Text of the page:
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Art Auction Uses Emotion For Bids

culture

Swedish company hooks up bidders to take emotional response to art as currency.

Leah Gonzalez
  • 10 july 2014

Swedish glass maker Kosta Boda hosted an auction that gave away three unique pieces of glass art based solely on emotions rather than the highest monetary bids.

The bidding, which was dubbed “An Auction Based on Emotions,” took place last June 18th in Stockholm and people were able to place blind bids on the art works in advance. The three glass art pieces, however, were kept secret until the day of the auction. The auction participants were taken to a closed off area and hooked up to a heart rate monitor and a galvanic skin response (GSR) sensor before the glass artworks were shown to them for the first time. The participants’ emotional response to the art pieces were then measured by the sensors. The three bidders who had the highest emotional responses to each of the three glass art pieces “won” the bidding and took home the art works.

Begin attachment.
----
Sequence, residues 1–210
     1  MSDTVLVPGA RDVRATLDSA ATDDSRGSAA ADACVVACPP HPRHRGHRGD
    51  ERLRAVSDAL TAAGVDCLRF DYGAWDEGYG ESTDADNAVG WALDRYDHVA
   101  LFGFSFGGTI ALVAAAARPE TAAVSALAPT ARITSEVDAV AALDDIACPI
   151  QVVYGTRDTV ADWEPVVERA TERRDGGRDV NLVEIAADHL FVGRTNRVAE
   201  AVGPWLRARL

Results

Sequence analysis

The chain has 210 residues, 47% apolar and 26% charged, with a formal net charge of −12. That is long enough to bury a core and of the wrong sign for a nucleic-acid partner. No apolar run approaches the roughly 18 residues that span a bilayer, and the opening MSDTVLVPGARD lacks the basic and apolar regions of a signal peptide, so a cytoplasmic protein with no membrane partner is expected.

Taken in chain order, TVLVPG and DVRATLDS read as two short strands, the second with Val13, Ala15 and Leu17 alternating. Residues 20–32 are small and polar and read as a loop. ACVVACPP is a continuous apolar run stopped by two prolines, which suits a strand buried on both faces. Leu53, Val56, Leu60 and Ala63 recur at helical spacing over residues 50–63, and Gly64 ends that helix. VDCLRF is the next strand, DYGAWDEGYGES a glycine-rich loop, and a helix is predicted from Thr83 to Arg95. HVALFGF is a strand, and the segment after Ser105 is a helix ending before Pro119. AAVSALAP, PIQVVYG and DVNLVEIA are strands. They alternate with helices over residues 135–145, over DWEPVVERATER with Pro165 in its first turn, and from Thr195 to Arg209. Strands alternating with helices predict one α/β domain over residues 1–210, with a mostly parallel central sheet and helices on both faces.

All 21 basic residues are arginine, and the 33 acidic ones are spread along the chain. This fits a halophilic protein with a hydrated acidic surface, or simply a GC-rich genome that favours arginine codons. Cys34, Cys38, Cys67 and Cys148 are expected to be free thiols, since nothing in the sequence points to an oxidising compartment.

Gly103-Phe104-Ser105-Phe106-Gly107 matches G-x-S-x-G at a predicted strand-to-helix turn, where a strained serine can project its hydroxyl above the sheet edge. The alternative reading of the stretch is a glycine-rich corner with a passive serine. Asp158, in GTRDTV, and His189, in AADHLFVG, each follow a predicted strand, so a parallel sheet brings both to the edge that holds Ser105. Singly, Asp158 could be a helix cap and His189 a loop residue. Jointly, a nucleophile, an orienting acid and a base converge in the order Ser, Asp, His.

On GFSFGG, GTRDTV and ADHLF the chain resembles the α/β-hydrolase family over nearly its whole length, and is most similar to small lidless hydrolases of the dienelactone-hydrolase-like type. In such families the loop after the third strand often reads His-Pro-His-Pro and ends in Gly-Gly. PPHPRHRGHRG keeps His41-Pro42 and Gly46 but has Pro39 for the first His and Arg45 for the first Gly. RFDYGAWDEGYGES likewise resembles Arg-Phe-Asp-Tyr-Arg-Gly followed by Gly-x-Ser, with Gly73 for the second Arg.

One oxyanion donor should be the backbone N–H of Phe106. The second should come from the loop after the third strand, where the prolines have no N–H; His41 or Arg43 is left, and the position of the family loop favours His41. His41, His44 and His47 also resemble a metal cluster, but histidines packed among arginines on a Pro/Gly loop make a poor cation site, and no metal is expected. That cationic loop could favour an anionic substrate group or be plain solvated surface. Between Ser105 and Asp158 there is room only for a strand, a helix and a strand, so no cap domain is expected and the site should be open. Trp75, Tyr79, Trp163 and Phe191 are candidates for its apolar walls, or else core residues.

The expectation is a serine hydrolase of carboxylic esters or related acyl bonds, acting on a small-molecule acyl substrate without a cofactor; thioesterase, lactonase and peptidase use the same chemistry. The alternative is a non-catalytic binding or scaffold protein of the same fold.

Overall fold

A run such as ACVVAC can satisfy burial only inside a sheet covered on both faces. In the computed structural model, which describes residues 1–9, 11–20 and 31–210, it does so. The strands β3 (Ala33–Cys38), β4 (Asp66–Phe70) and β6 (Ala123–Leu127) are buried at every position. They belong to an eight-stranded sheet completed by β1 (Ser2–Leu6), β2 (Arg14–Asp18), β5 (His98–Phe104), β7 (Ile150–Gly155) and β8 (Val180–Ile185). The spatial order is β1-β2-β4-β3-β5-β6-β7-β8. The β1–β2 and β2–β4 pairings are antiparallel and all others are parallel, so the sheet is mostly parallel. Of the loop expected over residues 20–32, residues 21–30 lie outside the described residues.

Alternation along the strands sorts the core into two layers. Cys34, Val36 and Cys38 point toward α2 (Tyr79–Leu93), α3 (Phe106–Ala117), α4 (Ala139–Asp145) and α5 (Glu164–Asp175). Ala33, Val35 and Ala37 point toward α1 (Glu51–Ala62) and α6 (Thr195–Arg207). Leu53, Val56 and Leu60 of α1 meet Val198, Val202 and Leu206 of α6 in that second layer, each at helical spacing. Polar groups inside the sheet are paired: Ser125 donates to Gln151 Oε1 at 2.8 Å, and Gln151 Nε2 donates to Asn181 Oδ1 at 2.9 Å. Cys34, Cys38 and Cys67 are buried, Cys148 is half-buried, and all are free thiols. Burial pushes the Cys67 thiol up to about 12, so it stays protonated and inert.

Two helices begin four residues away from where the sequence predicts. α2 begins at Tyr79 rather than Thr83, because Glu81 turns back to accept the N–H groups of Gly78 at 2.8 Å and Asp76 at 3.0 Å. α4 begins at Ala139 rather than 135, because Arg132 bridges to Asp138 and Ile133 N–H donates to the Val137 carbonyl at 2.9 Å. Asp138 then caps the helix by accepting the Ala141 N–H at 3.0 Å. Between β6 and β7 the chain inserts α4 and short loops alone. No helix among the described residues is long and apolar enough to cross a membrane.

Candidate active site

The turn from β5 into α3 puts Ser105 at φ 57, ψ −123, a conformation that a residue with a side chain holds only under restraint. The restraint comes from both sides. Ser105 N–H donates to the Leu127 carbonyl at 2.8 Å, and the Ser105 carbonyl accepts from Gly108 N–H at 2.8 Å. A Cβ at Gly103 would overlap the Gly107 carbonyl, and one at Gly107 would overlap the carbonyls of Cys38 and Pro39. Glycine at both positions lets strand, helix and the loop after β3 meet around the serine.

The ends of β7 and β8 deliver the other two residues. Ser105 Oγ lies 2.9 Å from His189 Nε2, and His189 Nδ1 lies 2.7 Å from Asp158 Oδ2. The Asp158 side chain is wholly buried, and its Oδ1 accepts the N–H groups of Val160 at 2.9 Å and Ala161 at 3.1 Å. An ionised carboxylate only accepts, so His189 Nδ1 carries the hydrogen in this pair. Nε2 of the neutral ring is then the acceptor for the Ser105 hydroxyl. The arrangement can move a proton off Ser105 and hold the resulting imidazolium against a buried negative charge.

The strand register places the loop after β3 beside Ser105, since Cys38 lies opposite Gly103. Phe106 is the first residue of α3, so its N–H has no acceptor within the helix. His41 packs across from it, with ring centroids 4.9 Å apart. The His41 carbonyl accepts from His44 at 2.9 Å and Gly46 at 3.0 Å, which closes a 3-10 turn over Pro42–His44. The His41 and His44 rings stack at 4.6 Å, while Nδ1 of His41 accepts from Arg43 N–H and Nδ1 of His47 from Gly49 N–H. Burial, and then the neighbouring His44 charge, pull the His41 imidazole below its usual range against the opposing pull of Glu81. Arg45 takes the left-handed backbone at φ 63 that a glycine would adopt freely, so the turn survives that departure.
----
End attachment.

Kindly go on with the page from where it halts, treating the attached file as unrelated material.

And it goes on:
Kosta Boda auctioned off three works of art which were worth a total of € 25,000 or about $34,000. The three glass art pieces that were given away were Protocol by Bertil Vallien, worth €15,000; Super Protection 2 by Åsa Jungnelius, worth €1,900; and Guitar by Kjell Engman, worth €8,500.

Kosta-Boda-emotion-based-auction-1.jpg

A total of 303 people participated in the unique auction. The winners were Liv Eklund Swartz who won Protocol by Bertil Vallien, David Dolfe who won Åsa Jungnelius’s piece Super Protection, and Shelley Mulshine, who won Kjell Engman’s Guitar.

Jenny Sundqvist, Director of Marketing and Product Development at Orrefors Kosta Boda, commented, “It’s a great feeling to know that our unique pieces are now owned by people who definitely were not left untouched by the art glass, they felt very strongly about it.”

Kosta Boda worked with ad agency Ellermore to develop the concept and digital agency Humblebee provided the technology.

The auction was billed as the first of its kind and Kosta Boda launched this emotions-based auction to show his belief that art should be owned by people who feel the strongest about it, rather than who can pay the most for it.

Kosta Boda

 

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